In January, I went back to work, after almost three years writing and producing. I went back to the day job. As grateful as I was for the steady employment, it was a tart pill to swallow. Even with two produced films under my belt and a completed novel, I still didn’t have the goods to make it as a professional writer. For me, success was another produced movie and a book deal.
As it turns out, going back to work was the best thing that ever happened to me. The gainful employment allowed me to do something that I hadn’t been able to do in ages: not
think, not obsess over THE WRITING.
Yes, going back to work was like eating an enormous piece of humble pie.
The play I worked on for over a year never saw a stage light. The book I slaved over, never heard one “Yes.” The movie I worked on for, lets not count the years, never heard “action.”
It was time to call it. It was time to put on my pantyhose and dust off the resume.
To my surprise, ten resumes yielded three job interviews, and two job offers. It was nice to be wanted again. But still, that little voice in my head still doubted. The little voice in my head kept taunting me with …
But I’m not a quitter.
But I’m so close.
But I just need to hang on for one more … FILL IN THE BLANK.
So, I went back to work. I bought a new dishwasher. We went to Disney. I finally got my Mouse Ears. I hugged Chewbacca and cried like a baby in his arms. I bought a new printer. I hired an editor to assist me with my novel. I hired a trainer to pound my butt back into shape. I went to the way too expensive sushi place for dinner that I always wanted to try. I was building a life that I had put on hold for so many years all in the name of THE WRITING.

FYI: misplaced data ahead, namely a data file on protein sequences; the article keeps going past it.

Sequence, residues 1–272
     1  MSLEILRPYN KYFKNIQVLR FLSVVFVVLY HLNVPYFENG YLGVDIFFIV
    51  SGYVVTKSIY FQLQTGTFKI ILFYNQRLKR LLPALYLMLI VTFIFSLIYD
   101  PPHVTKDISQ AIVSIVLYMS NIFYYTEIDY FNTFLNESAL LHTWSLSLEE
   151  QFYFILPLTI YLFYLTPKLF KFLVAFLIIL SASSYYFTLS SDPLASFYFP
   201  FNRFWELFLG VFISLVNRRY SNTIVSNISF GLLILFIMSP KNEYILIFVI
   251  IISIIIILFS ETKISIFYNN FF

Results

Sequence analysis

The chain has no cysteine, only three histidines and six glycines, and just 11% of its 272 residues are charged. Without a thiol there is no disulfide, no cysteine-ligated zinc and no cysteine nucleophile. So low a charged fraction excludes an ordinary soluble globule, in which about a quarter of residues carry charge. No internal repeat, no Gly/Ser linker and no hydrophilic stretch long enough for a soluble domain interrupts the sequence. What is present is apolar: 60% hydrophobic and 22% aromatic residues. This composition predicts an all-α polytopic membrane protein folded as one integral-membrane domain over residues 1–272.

And what surprised me the most, in the midst of working and living, I found my way back home to THE WRITING. With the guidance of my amazing editor Annie, I finished my novel. I re-worked my query letter and synopsis. I went to writing conferences. I networked. I pitched my novel. I had two agents request the full manuscript. And moreover, it’s now a story that I believe in. That I can stand behind.
On the movie front, we (my writing partner who I also happen to be married to) entered the 2017 Sundance International Writer’s Lab, and are finalists. We spent many months re-tooling the story and it is now this little gem of a story that I am so proud to say that I had a hand in.
In the end, I became a happier person, and a better writer. Right now, as I write this, I no longer have a definitive definition of success.
Growing up, my YiaYia, after I would tell her of my latest job, adventure, trip, boyfriend, would always ask me one question, “Are you satisfied?”
Not are you happy, but are you satisfied.
She spoke in a Greeklish. I never for the life of me understood what she was asking exactly. I’d always nod my head and say, “Yes, of course.” Thinking duh … I just got the ONE THING that I wanted!!! Of course I’m happy!!! How could I not be happy? Right?
But the one thing age has taught me is that there is a big difference between happiness and satisfaction.
Happiness is fleeting. Satisfaction is sustaining.
So yes, YiaYia I am satisfied.
ABOUT THE AUTHOR
By day, I am a PR pro. By night, I am a screenwriter, producer and founder of Corn Bred Films. In addition to working on my novel Delilah: Recovered, I am working on my third film project Oriole Park. I am a finalist for the 2017 Sundance International Writer’s Lab. Oriole Park is in pre-production, and won “Best Pitch” at the 2015 Chicago International Film Festival. My other film project, Other Plans is a romantic comedy that I co-wrote was released on video on demand last summer. And the documentary, that I produced, directed and wrote, Love Under Fire: The Story of Bertha & Potter Palmer aired on PBS and was selected for the 2014 Women’s International Film Festival.